Each year an estimated 1200 women in the U.S. suffer complications during pregnancy or childbirth that prove fatal and 60,000 suffer consequences that are near-fatal….
ProPublica and National Public Radio reported a remarkable story which people are still talking about years later. Lauren, a neonatal intensive care unit (NICU) nurse married to an orthopedist physician, died 4 hours after delivering a 5 lb. 12 oz. baby. How does this happen?
What happened to Lauren is the result of a common problem in healthcare—fragmentation of care along with the lack of feeling responsibility for what goes on. The caregiver begins treating the disease and NOT the patient. The person is not their patient and therefore not the caregivers’ problem.
After practicing for 42 years, I can say we get into the most trouble when we don’t listen. Lauren was complaining about pain which sounds like it might have been her liver capsule rupturing. So what did the M.D. do? He increased the epidural rate to provide more pain relief. In his defense, much pain surrounds labor. Sometimes it’s hard to sort it out, but we must try.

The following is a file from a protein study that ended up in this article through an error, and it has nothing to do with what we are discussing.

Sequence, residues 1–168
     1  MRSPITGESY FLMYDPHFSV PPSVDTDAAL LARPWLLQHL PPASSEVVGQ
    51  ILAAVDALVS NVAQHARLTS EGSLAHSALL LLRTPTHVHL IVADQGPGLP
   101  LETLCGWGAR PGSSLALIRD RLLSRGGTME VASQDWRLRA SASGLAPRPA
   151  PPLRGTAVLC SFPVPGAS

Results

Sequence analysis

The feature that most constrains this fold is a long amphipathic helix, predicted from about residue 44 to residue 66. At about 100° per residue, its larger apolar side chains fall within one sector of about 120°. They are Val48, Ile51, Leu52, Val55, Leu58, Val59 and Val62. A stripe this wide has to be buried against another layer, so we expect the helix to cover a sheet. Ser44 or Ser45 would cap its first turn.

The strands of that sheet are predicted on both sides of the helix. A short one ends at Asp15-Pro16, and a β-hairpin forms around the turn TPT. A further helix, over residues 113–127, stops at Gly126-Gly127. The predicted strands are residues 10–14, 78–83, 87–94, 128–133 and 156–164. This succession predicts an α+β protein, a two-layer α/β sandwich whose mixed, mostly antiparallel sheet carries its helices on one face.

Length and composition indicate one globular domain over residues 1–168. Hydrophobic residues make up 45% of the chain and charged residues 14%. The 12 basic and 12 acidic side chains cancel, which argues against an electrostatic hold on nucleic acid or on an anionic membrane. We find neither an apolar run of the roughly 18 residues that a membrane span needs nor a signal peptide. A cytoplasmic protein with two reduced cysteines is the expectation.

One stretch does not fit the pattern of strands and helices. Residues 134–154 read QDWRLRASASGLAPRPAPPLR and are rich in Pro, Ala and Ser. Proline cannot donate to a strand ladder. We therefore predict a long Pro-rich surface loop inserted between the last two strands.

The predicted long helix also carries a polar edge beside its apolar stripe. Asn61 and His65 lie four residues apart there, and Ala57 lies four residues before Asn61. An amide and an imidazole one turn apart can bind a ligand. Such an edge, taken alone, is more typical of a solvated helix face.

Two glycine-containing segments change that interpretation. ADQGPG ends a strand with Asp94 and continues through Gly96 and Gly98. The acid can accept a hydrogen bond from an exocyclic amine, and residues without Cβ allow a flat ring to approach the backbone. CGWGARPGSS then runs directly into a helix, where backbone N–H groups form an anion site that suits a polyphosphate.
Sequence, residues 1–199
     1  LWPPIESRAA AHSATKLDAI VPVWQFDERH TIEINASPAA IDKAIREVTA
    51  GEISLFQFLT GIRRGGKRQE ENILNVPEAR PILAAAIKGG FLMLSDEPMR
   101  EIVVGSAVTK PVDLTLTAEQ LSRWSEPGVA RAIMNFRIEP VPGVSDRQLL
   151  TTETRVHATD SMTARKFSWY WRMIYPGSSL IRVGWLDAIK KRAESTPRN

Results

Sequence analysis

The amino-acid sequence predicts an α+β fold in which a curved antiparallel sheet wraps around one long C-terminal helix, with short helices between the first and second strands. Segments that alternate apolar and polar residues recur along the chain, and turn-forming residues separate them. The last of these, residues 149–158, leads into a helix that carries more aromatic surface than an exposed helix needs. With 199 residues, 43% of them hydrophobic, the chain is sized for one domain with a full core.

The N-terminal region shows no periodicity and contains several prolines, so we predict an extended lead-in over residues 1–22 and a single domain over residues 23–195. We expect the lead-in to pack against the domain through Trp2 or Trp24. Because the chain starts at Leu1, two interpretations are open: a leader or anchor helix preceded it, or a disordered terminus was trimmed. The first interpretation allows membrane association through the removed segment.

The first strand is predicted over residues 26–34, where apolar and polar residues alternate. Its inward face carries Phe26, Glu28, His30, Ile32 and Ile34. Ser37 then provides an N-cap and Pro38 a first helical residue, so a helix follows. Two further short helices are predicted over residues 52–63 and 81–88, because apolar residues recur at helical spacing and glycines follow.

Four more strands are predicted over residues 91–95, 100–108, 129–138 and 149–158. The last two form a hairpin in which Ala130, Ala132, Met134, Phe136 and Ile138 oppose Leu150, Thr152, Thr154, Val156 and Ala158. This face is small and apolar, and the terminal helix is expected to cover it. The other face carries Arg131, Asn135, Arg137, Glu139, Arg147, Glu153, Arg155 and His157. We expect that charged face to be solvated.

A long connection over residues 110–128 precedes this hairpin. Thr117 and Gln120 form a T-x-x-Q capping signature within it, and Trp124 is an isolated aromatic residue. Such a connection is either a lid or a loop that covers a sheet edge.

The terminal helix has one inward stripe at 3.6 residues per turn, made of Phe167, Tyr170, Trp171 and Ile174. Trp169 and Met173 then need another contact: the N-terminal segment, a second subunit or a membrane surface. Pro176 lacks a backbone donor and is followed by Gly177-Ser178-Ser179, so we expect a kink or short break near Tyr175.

As I’ve said before, some say obstetrics is nature at work. I’d say paying close attention to patients is the only way to learn the subtleties of easily overlooked signs required for a safe delivery. The team approach often involves a “doc on deck,” that is, a single doctor does all the deliveries in a 12-hour shift. This doctor is most likely not the patient’s obstetrician and is likely someone the patient has never met before. What’s more, if a woman is in the delivery room longer than the doc-on-deck’s shift, the revolving door will bring in yet another stranger to monitor the laboring woman’s delivery.
During my own daughter’s labor, five different obstetricians came through the revolving door of the “doc on dec” stage, and not one of them was her regular obstetrician.
This is a recipe for a disaster similar to Lauren’s.
I’ve created a video course to help women in labor understand the process and to support women in pressing for medical attention they know they need.